Fit and Comfort
The Snowshot features a soft, two-layer external shell fabric, and a hanging mesh liner on the inside, which combine to make a very comfortable pair of pants. The fit is baggy and loose, which we don't love, but it also doesn't impair our range of motion. They feel untailored and somewhat elementary, but for the price, that's what we'd expect.
One nice touch is the velcro elastic waist adjustment straps on either side of the waistband. These help the user customize the waist circumference to their body, and avoid having to wear a belt (although belt loops are also included).
In general, hanging mesh linings prevent the free flow of air inside a pair of pants, which helps them remain warm but also prevents ventilation to a degree. The Snowshot also features vents on the inside of each thigh, but these vents have mesh covering the openings. This mesh prevents snow from entering the vent holes, but it also slows airflow, preventing efficient ventilation. If you enjoy aerobic skiing in mogul fields, freeride terrain, hiking to find fresh snow, and spring skiing, these pants won't breathe well enough for you.
In lieu of insulation, the Patagonia Snowshot has a hanging mesh lining that traps air between the mesh and the shell, which is then warmed by our body heat. In our experience, hanging mesh liners provide plenty of warmth for most days on the ski hill. There are warmer pants on the market, but these hit the sweet spot between warmth and versatility.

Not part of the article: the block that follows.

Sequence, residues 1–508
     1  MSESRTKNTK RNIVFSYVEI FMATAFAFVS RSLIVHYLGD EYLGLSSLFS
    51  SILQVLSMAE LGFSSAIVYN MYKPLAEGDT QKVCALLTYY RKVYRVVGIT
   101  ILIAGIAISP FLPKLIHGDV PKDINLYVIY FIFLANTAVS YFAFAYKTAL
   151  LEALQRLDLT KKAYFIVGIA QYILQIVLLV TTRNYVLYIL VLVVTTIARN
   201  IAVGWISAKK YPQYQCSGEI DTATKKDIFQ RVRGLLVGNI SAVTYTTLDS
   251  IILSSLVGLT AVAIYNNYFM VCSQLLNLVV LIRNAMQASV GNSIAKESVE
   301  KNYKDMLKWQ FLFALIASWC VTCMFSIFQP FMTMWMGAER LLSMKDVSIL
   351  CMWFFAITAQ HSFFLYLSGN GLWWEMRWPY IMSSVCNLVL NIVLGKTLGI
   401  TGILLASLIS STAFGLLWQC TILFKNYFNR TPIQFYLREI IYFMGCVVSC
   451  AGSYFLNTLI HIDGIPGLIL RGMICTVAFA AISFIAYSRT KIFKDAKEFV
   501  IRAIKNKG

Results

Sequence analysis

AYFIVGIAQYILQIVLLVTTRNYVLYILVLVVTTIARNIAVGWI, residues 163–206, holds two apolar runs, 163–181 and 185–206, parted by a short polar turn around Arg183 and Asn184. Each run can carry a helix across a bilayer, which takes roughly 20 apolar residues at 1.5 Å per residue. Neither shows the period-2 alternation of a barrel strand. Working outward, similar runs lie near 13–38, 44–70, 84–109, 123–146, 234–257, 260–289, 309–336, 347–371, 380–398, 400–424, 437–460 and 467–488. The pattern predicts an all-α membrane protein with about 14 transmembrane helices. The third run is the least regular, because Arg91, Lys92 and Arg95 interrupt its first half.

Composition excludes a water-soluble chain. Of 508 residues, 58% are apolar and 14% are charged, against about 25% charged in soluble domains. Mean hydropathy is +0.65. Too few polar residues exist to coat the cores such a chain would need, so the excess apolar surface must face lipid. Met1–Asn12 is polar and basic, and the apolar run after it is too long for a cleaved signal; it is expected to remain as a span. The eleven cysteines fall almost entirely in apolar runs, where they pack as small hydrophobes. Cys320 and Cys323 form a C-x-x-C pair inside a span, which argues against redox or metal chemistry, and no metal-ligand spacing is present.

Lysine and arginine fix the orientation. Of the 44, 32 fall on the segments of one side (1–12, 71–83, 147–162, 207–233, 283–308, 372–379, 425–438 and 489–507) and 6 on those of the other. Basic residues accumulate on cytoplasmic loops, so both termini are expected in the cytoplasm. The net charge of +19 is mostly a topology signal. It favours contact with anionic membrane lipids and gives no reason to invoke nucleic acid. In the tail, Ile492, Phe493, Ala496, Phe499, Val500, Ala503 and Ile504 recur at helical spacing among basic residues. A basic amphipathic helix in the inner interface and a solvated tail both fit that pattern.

The Snowshot is light on features. It has two waist pockets with diagonal zipper openings and storm flaps that make the pockets awkward to access. It also comes with a RECCO reflector and an attachment point for a strap on Patagonia jackets that allows the pants and jacket to act like a snowsuit. If you want pockets galore, look elsewhere.
There is nothing special about the look of the Snowshot pants. They have a slight articulation in the knee, which means the fabric is tailored with a bend where the body naturally curves, but there is so much loose, baggy material that it's hard to tell. For slim and athletic users, these pants aren't form-fitting, which gives them an unsophisticated style. The color options aren't that inspiring either.
These pants provide good performance for most skiers. They tick all of the boxes, providing decent weather resistance, comfort, and warmth, but they lack the refined features, style, and ventilation of higher-priced models. For the occasional user, they are a great option, but there are better pants on the market for a lower price.
The Patagonia Snowshot pants provide good performance for occasional users, but they lack the refinement that advanced skiers and riders look for. They'll get the job done, but considering the performance of other models at even more attractive prices, it's hard for us to recommend these pants strongly.
— Jeff Dobronyi